Beyond Fishing – Environmental Factors

Although it is often assumed that an overfished status has its root cause in overfishing, there are many other factors that influence the health and abundance of a fish stock. These factors include natural mortality, disease, natural population cycles, habitat degradation, and environmental changes to name just a few. For example, scientists have concluded that the apparent decline in pink shrimp abundance along the Southeast coast are due to factors other than fishing, such as environmental and climatic factors.

Ending Overfishing – Turning the Corner

U.S. fisheries are on track for all being harvested under annual catch limits with accompanying accountability measures. This science-management combination work to proactively prevent overfishing from occurring, and to allow quick response by management to make adjustments should overfishing be found. NOAA and the fishery management councils are working hard to complete implementation of annual catch limits and accountability measures by the end of 2011.


Overfishing is when the rate of removal from a stock is too high. A priority for the U.S. is ending overfishing so that all stocks can rebuild and be sustained at rebuilt levels.

Overfished is when the population is too low, or below a prescribed threshold. A population can be overfished but be managed under a rebuilding plan that over time returns the population to health.


Annually assessed, the tanner crab stock was determined to be rebuilt in 2007. With little change occurring in the level of catch by fishermen, scientists are puzzled by this year’s determination as overfished. They will be monitoring this population closely including whether or not environmental factors are involved.

Stocks at a Glance

Overfishing Status

  • 213 stocks (84%) are not subject to overfishing
  • 40 stocks (16%) are subject to overfishing

Overfished Status

  • 159 stocks (77%) are not overfished
  • 48 stocks (23%) are overfished


Summary of Changes

Reason Total # of
Region Stock

Over Fishing

no longer subject to overfishing


  • Yellowtail Flounder – Georges Bank
  • Black grouper – Southern Atlantic Coast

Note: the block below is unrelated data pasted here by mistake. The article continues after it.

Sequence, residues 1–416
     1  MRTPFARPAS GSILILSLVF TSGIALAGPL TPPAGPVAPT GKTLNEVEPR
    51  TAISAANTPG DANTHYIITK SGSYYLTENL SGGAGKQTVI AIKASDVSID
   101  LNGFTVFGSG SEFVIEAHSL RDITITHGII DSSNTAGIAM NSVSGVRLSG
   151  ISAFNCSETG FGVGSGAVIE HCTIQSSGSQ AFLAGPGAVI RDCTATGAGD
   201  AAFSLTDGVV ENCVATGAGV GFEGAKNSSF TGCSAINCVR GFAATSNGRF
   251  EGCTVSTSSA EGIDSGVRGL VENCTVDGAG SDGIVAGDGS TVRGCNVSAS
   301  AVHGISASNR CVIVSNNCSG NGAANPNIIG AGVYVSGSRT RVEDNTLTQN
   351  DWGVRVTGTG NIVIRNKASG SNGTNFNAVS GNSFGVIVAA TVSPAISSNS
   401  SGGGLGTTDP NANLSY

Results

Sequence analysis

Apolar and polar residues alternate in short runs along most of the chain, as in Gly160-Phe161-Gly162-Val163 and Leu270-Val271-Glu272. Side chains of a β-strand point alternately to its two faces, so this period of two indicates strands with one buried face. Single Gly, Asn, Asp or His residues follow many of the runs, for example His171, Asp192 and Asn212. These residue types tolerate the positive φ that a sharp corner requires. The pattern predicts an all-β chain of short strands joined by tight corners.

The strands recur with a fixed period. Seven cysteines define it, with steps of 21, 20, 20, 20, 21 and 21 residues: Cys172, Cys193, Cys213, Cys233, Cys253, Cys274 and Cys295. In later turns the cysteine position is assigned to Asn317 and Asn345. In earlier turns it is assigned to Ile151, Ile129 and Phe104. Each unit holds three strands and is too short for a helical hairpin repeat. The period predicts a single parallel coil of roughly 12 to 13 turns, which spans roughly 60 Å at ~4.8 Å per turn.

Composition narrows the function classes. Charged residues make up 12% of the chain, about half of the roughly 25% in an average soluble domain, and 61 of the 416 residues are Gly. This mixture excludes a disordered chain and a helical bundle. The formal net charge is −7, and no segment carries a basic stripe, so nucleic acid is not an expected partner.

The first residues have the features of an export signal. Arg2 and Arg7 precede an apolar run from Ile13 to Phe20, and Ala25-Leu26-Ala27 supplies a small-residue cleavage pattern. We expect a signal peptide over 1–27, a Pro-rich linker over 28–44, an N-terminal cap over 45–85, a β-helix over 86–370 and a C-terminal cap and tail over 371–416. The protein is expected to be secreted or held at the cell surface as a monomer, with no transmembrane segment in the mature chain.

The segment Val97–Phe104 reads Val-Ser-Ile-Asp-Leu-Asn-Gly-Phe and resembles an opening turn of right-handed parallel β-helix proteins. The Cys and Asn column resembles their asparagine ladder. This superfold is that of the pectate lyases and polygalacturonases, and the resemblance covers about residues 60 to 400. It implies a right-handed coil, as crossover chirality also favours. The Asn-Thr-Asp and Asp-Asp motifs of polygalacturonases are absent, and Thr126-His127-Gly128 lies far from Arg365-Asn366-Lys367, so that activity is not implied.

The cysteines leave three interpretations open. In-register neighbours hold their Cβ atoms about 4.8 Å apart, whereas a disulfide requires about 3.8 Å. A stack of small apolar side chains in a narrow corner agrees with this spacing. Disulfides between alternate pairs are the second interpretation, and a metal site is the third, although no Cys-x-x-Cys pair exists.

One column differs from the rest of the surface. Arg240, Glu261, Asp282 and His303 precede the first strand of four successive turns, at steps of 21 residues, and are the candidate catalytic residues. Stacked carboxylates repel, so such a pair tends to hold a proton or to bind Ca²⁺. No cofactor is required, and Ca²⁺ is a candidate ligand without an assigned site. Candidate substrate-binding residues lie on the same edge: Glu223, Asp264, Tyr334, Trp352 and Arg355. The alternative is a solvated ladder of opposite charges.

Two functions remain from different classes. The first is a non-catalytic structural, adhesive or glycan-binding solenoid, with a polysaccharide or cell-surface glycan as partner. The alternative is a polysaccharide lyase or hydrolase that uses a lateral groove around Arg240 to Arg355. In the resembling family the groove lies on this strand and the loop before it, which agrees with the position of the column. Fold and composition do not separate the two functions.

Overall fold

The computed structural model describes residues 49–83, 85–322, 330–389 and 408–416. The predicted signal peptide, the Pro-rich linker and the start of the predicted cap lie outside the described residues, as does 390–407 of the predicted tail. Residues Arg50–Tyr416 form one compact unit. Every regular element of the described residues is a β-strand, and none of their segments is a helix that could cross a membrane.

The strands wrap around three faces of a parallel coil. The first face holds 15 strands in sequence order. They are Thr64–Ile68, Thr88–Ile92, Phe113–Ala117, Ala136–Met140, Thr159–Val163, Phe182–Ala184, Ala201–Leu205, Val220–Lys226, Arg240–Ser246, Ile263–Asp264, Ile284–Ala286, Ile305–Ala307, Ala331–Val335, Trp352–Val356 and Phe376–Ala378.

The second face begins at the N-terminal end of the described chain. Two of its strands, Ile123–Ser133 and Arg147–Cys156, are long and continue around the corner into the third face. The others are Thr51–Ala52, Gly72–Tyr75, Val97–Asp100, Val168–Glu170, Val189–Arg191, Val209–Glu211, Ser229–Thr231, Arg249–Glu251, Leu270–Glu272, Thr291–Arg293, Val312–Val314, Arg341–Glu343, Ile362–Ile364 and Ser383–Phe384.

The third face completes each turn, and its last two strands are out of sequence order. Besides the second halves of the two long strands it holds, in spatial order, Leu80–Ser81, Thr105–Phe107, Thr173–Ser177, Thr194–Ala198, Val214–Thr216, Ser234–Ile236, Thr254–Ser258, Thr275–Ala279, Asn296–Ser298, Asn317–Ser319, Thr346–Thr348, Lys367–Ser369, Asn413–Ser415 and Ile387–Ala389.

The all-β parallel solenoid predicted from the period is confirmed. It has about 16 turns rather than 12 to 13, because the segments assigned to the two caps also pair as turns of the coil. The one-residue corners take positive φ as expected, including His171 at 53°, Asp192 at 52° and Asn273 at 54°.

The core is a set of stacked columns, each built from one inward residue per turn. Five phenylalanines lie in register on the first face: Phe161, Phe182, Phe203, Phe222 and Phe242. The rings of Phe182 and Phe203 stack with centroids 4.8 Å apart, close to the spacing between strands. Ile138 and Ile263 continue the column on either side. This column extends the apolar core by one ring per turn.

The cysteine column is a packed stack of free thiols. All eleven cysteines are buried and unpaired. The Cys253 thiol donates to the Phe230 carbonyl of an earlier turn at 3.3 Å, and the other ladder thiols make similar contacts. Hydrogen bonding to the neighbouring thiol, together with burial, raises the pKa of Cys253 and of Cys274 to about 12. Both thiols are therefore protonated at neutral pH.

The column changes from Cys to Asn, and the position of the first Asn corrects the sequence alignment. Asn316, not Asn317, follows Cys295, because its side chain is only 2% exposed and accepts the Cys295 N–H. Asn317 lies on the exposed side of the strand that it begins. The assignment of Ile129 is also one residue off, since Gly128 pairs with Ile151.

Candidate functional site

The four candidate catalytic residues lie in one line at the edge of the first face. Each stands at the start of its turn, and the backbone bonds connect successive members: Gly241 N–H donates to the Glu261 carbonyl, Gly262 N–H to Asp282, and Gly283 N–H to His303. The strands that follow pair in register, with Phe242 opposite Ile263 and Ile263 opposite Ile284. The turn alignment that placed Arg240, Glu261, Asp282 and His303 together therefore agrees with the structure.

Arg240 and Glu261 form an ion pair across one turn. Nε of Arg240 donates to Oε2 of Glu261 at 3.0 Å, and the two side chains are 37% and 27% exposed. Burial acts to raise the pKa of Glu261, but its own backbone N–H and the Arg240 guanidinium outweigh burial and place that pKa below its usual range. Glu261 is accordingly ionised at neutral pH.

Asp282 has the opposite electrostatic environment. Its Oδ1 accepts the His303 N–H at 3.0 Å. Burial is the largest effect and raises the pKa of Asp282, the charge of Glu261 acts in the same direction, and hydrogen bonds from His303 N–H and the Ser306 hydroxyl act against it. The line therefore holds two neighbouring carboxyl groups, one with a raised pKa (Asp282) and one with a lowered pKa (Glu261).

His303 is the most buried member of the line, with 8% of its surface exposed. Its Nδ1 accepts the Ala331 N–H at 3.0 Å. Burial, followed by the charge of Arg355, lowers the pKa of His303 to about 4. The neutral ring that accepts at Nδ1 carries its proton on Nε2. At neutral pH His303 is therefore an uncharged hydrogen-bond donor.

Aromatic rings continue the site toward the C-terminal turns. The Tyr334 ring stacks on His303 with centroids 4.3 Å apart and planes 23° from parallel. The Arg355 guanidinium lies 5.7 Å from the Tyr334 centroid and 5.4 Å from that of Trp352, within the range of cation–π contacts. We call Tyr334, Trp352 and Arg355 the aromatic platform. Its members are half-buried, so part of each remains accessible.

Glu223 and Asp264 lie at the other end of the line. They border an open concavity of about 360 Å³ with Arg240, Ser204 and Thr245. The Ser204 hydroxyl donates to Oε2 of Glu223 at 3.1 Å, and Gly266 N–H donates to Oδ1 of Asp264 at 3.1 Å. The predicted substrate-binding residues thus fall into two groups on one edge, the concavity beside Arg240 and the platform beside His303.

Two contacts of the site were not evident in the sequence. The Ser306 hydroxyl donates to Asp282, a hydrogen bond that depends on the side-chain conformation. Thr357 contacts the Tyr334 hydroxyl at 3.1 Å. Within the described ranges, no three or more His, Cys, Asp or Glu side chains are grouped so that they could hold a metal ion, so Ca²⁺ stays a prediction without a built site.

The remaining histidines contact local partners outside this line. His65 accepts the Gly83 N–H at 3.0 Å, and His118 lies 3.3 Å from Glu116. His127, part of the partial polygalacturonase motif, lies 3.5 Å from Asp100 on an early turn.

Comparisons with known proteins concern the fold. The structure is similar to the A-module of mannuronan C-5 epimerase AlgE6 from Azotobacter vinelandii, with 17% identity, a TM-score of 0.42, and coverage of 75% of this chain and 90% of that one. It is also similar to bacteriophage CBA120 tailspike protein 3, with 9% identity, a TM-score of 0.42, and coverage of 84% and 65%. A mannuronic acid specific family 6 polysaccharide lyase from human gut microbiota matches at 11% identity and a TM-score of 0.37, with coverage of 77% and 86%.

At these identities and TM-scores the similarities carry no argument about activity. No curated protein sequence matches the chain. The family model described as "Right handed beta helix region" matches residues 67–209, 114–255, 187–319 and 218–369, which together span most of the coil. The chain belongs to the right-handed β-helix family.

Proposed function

not subject to overfishing(previously unknown)


  • Atlantic halibut – Northwestern Atlantic Coast


  • Black grouper – Gulf of Mexico


  • Pacific cod – Pacific
now subject to overfishing 3 Northeast
  • Windowpane – Gulf of Maine/Georges Bank
  • Windowpane – Southern New England / Mid-Atlantic
  • Witch flounder – Northwestern Atlantic Coast
subject to overfishing(previously unknown) 1 Southwest/PacificIslands
  • Pacific bluefin tuna – Pacific SW/PI
Is unknown
(previously not subject
to overfishing)
1 Northeast
  • Winter flounder – Gulf of Maine


no longer overfished andrebuilt 1 Northeast
  • Haddock – Georges Bank
no longer overfished 4 Northeast
  • Haddock – Gulf of Maine
  • American plaice – Gulf of Maine/Georges Bank
  • Cod – Gulf of Maine
  • Windowpane – Southern New England/Mid-Atlantic
not overfished(previously unknown/undefined) 3 Southeast
  • Black grouper – Southern Atlantic Coast
  • Black grouper – Gulf of Mexico
now overfished 5 Southwest/PacificIslands
  • Pacific bluefin tuna – Pacific SW/PI
  • Windowpane – Gulf of Maine/Georges Bank
  • Witch flounder – Northwestern Atlantic Coast
  • Winter flounder – Georges Bank
  • Chinook salmon – California Central Valley: Sacramento (fall)
  • Southern Tanner crab – Bering Sea
  • Atlantic wolffish – Gulf of Maine/Georges Bank
(previouslylisted as unknown)
2 Southeast
  • Red grouper – Southern Atlantic Coast
Is unknown
(previouslylisted not overfished)
1 Northeast
  • Winter flounder – Gulf of Maine


As depicted in the graph, during the year, some stocks were determined to have no overfishing or to not be overfished, and others were added to these lists. This constant shifting is normal and expected and some of these changes are due to new information on stocks with a previously unknown status, or which had not previously been included with a fisheries management plan.



In order to provide a more accurate assessment of our progress to ensure the long-term trend and health of U.S. fisheries, NOAA Fisheries developed the Fish Stock Sustainability Index. Akin to the Dow Jones, the index provides a performance measure for the sustainability of the 230 stocks comprising the most commercial and recreational important species in the U.S.